This damage can lead to refrigerant leaking out.
The AC compressor coils will have to work harder to cool the air if there's less refrigerant.
The unit draws more electricity to compensate, which trips the breaker.
Hire a professional to top up the refrigerant and seal the leak.
However, it may be cheaper to replace cheaper portable ACs than perform the repairs if it's out of warranty.
Refrigerant is a dangerous substance and can only be handled by professionals.
10. Frozen Evaporator Coil
Dirt, debris, and grime can build up on the evaporator coil, preventing heat from flowing and causing the coils to freeze.
The air conditioner will try to draw more energy to compensate for the frozen coils, but as it draws more amps, it can cause the breaker to trip.
You can fix this yourself by turning the power off and thawing out the compressor using a hair dryer.
Once dry, clean the evaporator coils to prevent them from malfunctioning and freezing over again.
If your air conditioner keeps tripping after this, contact a professional to determine the root cause.
11. It’s Too Hot Outside
Your air conditioner has to work harder in hot conditions to maintain the temperature, which can cause it to draw more electricity and strain the wiring.
It can also cause the breaker to trip to prevent overheating or fire hazards.
Clean the AC to keep the unit cool by improving airflow, and only use the air conditioner when needed.
If it keeps tripping the breaker, you may need to buy a new AC.
12. Failing Air Conditioning Capacitors
Your AC capacitor provides the initial jolt of electricity so it can start.
Capacitors wear out over time, and if you notice your AC has trouble starting or keeps tripping, the capacity may be failing.
Contact an HVAC professional to fix or replace the bad capacitor.
13. You Have A Defective Circuit Breaker
A circuit breaker can become defective through natural wear and tear, exposure to extreme temperatures, or by electrical faults tripping the breaker too frequently.
A defective breaker can trip your electricals every time you use your AC.
First, make sure the breaker is actually defective.
Circuit breakers trip electrics and protect your home, and you should only replace them as a last resort.
If you don't resolve the issue, the new breaker will continue to trip.
Check the other common causes on the list or consult an HVAC technician to determine the issue. A professional will need to replace the circuit breaker.
When To Call Professionals For Maintenance Or Repair
I recommend calling a professional to help with most air conditioning electrical problems because it can be dangerous.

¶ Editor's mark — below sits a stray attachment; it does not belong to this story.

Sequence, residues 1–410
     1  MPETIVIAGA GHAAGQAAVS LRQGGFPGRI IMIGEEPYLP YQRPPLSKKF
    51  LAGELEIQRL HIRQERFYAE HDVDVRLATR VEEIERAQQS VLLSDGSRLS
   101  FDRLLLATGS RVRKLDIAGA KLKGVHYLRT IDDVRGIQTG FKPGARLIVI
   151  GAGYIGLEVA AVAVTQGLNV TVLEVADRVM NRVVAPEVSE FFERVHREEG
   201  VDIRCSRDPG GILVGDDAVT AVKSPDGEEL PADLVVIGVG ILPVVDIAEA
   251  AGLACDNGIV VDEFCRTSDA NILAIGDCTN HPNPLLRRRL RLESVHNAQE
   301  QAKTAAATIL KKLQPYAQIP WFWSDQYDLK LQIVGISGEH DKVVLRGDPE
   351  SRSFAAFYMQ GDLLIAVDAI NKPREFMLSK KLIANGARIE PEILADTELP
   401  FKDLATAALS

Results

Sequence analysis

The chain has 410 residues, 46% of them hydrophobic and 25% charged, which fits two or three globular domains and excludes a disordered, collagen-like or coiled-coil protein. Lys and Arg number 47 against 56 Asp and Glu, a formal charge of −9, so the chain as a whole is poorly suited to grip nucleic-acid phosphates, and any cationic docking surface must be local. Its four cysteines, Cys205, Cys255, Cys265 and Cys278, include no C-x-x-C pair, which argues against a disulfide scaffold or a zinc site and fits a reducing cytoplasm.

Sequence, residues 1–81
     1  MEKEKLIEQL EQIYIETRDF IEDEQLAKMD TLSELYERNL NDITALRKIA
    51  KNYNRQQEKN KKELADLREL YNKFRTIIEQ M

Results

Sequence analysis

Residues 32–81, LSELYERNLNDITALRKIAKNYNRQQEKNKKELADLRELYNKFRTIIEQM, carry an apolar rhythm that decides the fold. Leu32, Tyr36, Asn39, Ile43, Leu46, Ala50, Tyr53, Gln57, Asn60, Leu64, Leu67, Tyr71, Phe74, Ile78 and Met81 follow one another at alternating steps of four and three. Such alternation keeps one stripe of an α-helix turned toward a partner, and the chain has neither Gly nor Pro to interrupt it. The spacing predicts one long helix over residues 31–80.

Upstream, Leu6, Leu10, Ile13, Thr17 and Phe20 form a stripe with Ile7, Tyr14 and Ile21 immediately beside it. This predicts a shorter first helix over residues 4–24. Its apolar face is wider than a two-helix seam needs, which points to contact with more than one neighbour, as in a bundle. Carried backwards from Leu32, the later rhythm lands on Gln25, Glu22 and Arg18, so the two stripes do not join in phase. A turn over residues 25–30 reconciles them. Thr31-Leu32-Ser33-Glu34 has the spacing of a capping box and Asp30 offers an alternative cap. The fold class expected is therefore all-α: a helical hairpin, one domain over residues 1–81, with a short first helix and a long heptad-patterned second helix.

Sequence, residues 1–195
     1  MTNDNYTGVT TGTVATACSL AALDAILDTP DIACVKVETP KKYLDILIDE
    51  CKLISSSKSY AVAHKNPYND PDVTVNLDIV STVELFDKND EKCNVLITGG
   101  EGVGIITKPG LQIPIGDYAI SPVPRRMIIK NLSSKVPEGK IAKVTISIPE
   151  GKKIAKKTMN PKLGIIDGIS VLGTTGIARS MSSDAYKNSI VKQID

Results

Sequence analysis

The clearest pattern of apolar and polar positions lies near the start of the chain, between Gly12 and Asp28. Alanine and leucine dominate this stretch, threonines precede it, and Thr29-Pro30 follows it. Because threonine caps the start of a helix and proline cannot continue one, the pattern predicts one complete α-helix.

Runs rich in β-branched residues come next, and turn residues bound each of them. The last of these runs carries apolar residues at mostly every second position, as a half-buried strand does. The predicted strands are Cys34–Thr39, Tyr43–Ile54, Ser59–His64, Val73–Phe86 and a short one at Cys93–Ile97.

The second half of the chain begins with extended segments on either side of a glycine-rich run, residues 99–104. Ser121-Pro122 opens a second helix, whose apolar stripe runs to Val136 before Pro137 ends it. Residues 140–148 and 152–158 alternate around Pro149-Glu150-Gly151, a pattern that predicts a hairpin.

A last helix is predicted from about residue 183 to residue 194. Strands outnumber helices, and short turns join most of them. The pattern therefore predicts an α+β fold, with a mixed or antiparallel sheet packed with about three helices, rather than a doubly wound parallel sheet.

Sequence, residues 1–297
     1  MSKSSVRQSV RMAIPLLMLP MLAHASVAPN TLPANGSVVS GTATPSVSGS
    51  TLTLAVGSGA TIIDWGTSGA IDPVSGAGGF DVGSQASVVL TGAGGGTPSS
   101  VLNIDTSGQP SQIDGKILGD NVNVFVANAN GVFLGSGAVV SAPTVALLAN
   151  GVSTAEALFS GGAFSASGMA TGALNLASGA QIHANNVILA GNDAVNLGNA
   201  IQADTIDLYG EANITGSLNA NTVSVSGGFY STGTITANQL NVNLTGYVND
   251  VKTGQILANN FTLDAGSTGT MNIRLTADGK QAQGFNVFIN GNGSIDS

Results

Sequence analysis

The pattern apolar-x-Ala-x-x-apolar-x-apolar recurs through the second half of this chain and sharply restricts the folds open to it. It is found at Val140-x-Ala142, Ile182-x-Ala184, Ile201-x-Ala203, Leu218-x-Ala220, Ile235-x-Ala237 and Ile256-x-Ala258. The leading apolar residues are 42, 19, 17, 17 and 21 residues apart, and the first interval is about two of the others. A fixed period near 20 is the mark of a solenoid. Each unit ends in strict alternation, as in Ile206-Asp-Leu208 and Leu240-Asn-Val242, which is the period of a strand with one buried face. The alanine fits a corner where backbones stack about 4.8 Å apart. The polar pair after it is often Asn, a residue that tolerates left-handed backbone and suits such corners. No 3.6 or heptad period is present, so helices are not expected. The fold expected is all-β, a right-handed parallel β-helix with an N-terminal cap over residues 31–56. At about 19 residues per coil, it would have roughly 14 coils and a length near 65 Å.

Always consult a professional if you experience any of the following:
- 1There is a burning smell from the breaker or AC:
A burning smell indicates that your electrical wiring or AC breaker is overheating. It's a dangerous fire hazard, and you should shut off the air conditioner and contact an HVAC technician immediately.
- 2There are crackling or electrical sounds from the breaker or AC:
Strange noises from your inside unit usually indicate an electrical issue, loose wiring, or short-circuiting - often in the compressor motor. It is dangerous to fix yourself, and you need to contact an AC Tech professional to undertake air conditioning repair work.
- 3You cannot point out where the issue lies:
Your AC breaker trips the electrical supply for a reason, usually to protect you from serious danger. If your unit is tripping the AC breaker and you can't find the issue, you need to call an HVAC technician as soon as possible to diagnose the problem.
People Also Ask (FAQs)
What Exactly is a Circuit Breaker in an Air Conditioner?
A circuit breaker in an air conditioner (or AC breaker) is an electrical safety device that stops power flowing if there's an overload, short circuit, or fault in the AC system. Tripping the circuit breaker helps to prevent electrical fires and protect the AC unit.
Why Does My AC Trip After 5 Minutes?
If your AC trips after 5 minutes, it's usually because an overloaded circuit or faulty component is drawing in too much current and tripping the circuit breaker. You should consult an electrician or HVAC professional who can help with AC repair so it doesn’t trip the breaker.
What Happens If You Trip a Breaker Too Many Times?
If your breaker trips too often, the internal trip mechanism can wear out, preventing it from working and leaving your home at risk of electrical fires. You should replace the AC's breaker if it's tripping frequently.
Should You Reset The Circuit Breaker If It Continues to Trip?
No, the circuit breaking tripping indicates an underlying electrical problem, and you should diagnose and resolve the problem before resetting it.
So, Did You Find Your Fix?
If your AC trips the breaker, it means there's a potentially hazardous electrical fault.
Cleaning and regular tune-ups of your air conditioner will help to prevent it from happening, but you will need to consult a professional if it keeps tripping your breaker.
Hopefully, this guide has helped to explain the common causes, and you now know why your AC keeps tripping the power.